Old-fashioned Ice Fishing Still Puts Fish on the Plate


Since immemorial winters, man has been trying to catch fish that swim below the frozen cover of ice on ponds, rivers and lakes. Paleolithic hunter-gatherers took rocks, antlers or whatever they could find, knocked holes in the ice and then dropped 1-inch-long fragments of chipped stone that were tied on braided vines and baited with meat.

It didn’t take long for them to discover which portions of the lakes held fish and at what depths. The fish bit the long, thin, sharpened stones and were hauled up, clubbed on the head and became the next meal for hungry families. During the more sophisticated ages, man used iron axes and iron fish hooks tied on to braided silk or braided catgut to catch their fish. Wooden sleds were also used to carry their gear and enough food to last a day. And at nightfall, those same sleds carried the fish they caught back to their homes. There are some days now when the “old-fashioned” ice fishing is as welcome as the first breath of spring. I’m talking about those sunny days in winter when the ice is still thick enough to be safe on, the wind isn’t blowing and there’s enough snow on the ice to reflect the sun’s rays and a guy can just sit out in the open and fish.

Now, it’s not uncommon to see an angler head out onto the ice on a quad or snow machine towing an ice shanty that can be erected or taken down in minutes, especially after the angler deems it necessary to relocate to a better area. And, once that shanty is erected, out comes the power auger and a number of holes are drilled. A fish finder is installed in one hole as well or other underwater-viewing devices long before a school of fish is located. Next, out comes the propane heater for the tent and the angler settles back in a padded seat for a comfortable experience.

I find no fault in this type of ice fishing; I enjoy the heck out of my ice cabin, my StrikeMaster electric ice auger, my IceArmor clothing and boots, etc.—I wouldn’t give up any of them for the world. But for days when conditions are ideal enough to be out of the shanty though, I’ll only pack a couple of rods, a pair of needle-nose pliers, a box of jigs, a few spoons, some extra line, an ice skimmer, a camera and hot chocolate into my sled and head for a small farm pond. I still use that auger though, which can be easily attached to the sled.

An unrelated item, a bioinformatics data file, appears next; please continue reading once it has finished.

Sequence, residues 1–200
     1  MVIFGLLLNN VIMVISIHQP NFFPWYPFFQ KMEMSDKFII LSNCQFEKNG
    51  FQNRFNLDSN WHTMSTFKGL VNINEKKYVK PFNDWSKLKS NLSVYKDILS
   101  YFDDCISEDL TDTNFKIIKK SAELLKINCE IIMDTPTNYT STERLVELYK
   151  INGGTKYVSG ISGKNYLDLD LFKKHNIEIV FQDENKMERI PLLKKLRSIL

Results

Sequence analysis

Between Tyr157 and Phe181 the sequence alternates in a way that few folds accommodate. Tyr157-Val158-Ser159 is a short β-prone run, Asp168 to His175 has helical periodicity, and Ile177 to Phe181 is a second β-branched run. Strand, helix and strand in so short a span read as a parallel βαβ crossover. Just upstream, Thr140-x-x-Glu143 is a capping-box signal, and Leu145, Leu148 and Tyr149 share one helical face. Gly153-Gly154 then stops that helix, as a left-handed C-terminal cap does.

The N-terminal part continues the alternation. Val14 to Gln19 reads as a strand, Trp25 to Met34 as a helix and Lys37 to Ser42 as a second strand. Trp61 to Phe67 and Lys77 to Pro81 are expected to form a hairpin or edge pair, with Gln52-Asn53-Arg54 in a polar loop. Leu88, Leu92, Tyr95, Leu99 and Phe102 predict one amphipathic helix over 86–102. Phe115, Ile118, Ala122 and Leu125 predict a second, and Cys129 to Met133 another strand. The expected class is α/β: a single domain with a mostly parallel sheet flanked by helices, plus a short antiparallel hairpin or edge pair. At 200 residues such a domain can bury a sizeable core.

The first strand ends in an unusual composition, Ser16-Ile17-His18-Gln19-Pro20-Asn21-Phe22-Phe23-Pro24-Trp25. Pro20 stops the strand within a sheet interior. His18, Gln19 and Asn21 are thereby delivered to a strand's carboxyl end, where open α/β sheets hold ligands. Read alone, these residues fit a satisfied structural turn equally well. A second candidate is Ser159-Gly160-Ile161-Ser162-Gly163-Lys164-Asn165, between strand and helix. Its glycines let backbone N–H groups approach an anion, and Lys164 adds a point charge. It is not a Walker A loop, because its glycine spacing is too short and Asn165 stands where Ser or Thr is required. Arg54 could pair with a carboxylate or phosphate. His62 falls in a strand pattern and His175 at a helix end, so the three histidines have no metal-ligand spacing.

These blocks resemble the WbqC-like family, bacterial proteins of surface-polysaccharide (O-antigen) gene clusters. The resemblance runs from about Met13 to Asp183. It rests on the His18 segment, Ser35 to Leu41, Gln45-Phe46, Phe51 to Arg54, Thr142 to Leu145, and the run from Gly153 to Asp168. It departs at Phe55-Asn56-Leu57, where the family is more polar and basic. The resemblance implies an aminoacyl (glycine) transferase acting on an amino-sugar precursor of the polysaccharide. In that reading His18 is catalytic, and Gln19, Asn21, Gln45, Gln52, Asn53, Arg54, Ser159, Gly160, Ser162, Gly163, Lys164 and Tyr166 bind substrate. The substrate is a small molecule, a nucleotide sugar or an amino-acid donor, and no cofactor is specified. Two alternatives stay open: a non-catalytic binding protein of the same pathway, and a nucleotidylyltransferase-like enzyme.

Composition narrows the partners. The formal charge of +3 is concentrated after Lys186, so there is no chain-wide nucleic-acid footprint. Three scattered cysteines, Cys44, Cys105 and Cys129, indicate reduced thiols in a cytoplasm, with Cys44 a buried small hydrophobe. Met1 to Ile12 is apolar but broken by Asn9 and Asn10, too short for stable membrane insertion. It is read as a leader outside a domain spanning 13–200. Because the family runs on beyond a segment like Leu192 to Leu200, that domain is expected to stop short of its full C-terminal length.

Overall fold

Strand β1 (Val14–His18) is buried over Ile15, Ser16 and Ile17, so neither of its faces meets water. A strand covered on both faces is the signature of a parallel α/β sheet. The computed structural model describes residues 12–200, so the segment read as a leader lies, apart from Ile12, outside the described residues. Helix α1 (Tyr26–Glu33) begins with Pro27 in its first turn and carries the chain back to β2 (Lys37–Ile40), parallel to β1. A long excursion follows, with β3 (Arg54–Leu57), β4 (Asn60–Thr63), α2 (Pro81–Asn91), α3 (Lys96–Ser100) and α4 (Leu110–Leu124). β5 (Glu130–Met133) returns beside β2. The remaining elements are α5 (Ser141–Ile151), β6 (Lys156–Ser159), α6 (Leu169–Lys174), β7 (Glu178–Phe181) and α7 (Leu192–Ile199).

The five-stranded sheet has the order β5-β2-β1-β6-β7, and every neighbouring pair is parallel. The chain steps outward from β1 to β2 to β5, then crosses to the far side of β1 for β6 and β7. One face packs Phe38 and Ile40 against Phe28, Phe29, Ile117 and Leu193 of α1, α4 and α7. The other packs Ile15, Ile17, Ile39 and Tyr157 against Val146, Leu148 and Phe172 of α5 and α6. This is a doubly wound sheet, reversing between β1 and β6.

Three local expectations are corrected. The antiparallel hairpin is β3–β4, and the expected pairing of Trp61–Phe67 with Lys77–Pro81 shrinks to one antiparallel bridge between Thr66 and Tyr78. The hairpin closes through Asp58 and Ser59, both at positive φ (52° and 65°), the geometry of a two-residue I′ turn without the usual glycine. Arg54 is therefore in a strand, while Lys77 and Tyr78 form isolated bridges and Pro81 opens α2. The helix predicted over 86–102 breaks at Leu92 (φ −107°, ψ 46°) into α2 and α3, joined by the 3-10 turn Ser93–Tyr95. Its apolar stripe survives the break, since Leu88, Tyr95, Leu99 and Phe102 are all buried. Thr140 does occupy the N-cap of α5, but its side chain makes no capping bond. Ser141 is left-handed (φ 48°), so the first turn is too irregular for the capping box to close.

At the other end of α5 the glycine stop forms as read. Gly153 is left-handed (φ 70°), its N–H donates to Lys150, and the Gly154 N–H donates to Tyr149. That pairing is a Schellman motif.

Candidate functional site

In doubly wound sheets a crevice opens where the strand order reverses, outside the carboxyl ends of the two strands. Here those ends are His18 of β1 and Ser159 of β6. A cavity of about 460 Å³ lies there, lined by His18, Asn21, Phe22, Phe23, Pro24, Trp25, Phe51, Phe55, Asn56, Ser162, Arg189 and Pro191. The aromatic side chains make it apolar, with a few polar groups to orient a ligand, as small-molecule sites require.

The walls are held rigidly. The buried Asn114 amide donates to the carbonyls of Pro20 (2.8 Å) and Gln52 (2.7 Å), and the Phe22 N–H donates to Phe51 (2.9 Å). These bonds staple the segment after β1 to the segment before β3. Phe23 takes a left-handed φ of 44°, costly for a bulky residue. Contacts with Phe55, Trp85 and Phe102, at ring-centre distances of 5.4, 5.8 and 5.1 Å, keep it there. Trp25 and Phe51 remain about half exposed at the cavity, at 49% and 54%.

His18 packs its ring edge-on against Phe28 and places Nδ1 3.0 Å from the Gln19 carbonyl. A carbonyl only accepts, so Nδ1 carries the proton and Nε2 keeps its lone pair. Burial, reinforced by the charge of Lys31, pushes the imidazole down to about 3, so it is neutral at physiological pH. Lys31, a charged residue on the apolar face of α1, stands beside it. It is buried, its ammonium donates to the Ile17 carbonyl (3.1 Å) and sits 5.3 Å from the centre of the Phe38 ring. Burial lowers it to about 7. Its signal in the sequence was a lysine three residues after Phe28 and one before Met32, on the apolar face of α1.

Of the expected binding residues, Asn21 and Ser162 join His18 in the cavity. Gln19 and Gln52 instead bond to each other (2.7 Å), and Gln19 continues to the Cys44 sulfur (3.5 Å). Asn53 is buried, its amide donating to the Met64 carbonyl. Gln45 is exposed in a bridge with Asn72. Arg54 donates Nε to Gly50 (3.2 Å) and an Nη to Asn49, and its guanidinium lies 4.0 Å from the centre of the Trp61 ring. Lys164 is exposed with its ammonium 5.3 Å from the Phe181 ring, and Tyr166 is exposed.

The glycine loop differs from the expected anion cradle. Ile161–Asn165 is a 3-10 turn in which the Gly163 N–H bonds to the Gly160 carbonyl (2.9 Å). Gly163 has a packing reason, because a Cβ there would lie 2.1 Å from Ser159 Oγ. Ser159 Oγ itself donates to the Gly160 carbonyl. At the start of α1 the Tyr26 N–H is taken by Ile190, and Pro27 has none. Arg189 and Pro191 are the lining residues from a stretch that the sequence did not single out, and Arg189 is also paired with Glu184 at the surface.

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Once the holes are drilled and the depth is determined, I’ll use a clip-on weight and I’ll also tie on a tiny jig and tip it with a waxworm, suspend it below a very small bobber and simply drop it into the hole. My other rod is adorned with either a Rapala Jigging Minnow or a Northland Buck-Shot Jig. For both, the hooks used are dressed up with a small Gulp Alive Minnow that looks, acts and smells like something that is good to eat.

I let the fish tell me what they prefer. If there are no strikes on the jig as it’s deadsticked, I’ll impart some jigging action by raising and lowering the rod tip. If nothing, then I’ll try the same techniques at a slightly different depth. Some days the fish are deep and some days they’re very high in the water column, even just inches under the ice. With either a Rap or a Northland Spoon, my initial approach is to lift and drop the lure, at first with a slow, subtle action, and then increasingly quicker if there are no takers. Sooner or later, one of these techniques will put fish on the ice, if they are there at that hole. If not, then it is a simple matter of packing up my sparse gear and moving.

Besides the obvious benefits of catching some tasty, fresh fish for the plate, sitting out in the fresh air the old-fashioned way affords me some great opportunities to observe Mother Nature at her best. My little pond is quite near a large river where eagles are often seen flying, white-tailed deer are in abundance, and where coyotes, foxes, mink, red-tailed hawks, Canada geese and several other species are inhabiting the wild. If I remained inside an ice cabin I would not necessarily see them all.

The winter months can, at times, offer some very accommodating weather for those who want to sit outside and ice fish. Remember to slap on some sunscreen, use a pair of sunglasses and have some fun on the ice the traditional way out in the open.